A lot has happened since I last posted here. The opening for my exhibit at The Zesty Moose here in Grand Junction was very nice, but count on me to have an exhibit while everything is shutting down! At least 2 of the small tapestries did sell during the opening weekend, and what doesn't sell there will be listed on my Etsy site at the end of the month. I'll keep you posted on that.
In the meantime, I finally finished this small 8x10" tapestry, "Neighborhood Watch," for the American Tapestry Alliance small tapestries exhibit, Renditions, to be held (fingers crossed) at Convergence in Tennessee this coming summer. This was a very 'fiddley' bit of weaving, but I have found that, especially in times of stress, the fiddlier the better! This is of our two kittens, Ringo and Poe, keeping watch over our world.
Earlier this week, with our self-quarantine in mind, we made our annual drive to see if we could see some of the Sandhill Cranes that migrate through western Colorado. There is a reservoir about an hour from here where the cranes arrive in groups in the evening, spend the night, then wait for the warm winds the next morning to help lift them up over the Grand Mesa. Four years ago, we saw a huge group of them lift off. The next year, we somehow missed it altogether, siting just a few crane couples in the fields. Last March, we saw a fairly large group (several hundreds) in a field, but it was snowing, so they didn't even try to go anywhere.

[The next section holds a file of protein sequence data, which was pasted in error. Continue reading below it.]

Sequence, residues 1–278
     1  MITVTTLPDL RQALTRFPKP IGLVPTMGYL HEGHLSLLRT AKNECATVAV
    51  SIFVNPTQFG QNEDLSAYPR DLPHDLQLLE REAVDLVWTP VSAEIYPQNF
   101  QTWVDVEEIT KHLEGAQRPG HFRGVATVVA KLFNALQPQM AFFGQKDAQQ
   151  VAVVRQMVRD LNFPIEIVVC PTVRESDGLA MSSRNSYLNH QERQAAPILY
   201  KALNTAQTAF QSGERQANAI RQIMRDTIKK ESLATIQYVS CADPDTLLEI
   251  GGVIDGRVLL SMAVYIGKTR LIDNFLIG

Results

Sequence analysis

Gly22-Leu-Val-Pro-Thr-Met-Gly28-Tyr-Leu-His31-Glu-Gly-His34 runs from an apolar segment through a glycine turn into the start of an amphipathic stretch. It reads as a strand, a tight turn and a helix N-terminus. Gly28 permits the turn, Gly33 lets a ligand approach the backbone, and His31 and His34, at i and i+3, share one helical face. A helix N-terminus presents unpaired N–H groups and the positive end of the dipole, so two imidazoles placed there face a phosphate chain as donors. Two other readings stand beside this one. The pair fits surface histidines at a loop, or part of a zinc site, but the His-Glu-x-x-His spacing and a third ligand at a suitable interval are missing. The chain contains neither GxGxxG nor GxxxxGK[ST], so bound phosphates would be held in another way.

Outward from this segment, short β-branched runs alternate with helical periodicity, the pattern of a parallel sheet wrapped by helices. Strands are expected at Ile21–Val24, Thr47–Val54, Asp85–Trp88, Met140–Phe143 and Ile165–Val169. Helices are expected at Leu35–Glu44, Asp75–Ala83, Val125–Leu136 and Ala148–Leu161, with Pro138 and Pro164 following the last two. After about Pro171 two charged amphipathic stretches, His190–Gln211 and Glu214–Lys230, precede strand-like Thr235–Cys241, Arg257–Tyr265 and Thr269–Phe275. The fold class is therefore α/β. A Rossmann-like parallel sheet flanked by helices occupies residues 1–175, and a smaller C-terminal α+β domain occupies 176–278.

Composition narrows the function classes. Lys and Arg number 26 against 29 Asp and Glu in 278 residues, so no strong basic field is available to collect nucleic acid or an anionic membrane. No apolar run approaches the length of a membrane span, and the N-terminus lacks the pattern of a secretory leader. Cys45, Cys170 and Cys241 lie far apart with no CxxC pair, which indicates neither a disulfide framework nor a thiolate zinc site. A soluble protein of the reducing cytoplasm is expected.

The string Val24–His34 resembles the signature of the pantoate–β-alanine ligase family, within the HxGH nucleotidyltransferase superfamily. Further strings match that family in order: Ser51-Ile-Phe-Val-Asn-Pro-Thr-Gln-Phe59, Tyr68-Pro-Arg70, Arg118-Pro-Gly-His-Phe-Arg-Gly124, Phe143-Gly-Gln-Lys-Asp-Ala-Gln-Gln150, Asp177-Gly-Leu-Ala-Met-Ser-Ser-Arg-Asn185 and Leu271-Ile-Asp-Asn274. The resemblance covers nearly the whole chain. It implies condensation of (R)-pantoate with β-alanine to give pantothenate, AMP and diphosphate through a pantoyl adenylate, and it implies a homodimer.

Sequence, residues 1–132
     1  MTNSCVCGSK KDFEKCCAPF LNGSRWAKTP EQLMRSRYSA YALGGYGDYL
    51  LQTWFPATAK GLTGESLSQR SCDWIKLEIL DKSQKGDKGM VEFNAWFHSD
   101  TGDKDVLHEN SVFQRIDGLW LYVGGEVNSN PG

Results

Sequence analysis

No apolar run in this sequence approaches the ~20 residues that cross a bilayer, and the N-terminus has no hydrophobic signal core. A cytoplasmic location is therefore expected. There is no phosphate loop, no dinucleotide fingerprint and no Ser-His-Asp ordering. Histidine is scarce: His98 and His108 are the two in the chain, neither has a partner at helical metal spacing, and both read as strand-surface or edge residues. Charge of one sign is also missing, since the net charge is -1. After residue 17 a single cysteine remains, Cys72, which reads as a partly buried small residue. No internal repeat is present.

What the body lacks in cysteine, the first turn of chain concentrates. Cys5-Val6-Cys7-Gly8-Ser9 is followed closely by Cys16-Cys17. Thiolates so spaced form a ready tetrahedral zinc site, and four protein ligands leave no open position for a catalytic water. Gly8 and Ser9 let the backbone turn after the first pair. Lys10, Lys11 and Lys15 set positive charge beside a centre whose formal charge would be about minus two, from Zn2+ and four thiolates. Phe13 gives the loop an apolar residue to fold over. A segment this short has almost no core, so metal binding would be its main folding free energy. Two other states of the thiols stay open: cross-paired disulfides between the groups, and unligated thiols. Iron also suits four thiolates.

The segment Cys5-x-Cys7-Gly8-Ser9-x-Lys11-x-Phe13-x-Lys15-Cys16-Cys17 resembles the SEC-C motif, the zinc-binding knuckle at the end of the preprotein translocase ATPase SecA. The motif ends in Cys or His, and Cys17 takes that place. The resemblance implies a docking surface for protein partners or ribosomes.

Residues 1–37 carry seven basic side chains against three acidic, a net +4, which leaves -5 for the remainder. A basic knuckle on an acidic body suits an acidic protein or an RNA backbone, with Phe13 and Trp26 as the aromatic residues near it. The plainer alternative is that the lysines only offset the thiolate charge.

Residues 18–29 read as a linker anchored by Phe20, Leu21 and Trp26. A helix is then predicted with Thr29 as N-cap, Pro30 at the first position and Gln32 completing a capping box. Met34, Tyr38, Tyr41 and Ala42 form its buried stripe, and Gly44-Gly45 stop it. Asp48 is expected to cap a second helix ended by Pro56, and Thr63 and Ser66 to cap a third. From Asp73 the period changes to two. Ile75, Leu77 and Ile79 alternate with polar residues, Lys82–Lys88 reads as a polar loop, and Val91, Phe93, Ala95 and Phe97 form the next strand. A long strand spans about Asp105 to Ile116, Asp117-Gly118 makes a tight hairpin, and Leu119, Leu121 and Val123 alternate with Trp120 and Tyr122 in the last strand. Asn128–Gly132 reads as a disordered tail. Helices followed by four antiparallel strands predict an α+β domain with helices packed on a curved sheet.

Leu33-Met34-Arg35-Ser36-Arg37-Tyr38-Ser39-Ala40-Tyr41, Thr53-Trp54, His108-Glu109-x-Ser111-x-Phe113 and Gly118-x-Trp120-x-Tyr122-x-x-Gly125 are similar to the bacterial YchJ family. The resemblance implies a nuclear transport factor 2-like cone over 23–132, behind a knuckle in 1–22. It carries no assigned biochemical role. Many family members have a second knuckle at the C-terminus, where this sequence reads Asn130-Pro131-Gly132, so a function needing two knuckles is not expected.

Sunday night, we saw a post online that about 2,000 cranes had arrived at the reservoir by sundown. So Monday morning we got up early and grabbed our binoculars and cameras. We saw several groups here and there, but sited the group of 2,000 in the same cornfield they'd been in 4 years before. We settled in at an overlook between the cornfield and the Mesa. At about 11:00, a group of 5 cranes circled over the field, signaling that it was time to go. The cranes all started rising, and in groups of 50-150, they rose up over us, in a raucous chorus; the most amazing sight and sound!
Within about 20 minutes the cornfield was empty, the sky was full of cranes, circling in ever higher loops, catching the winds that would lift them over the Mesa, on to their next stop. I turned to a couple who were watching from a ways away and said, "I needed that today." The man just nodded, and his wife said, "Yes." We all had tears in our eyes. What a blessing to see that, no matter how crazy the world seems to get from our perspective, in reality, there is order, there is routine, there are still things to fill us with wonder.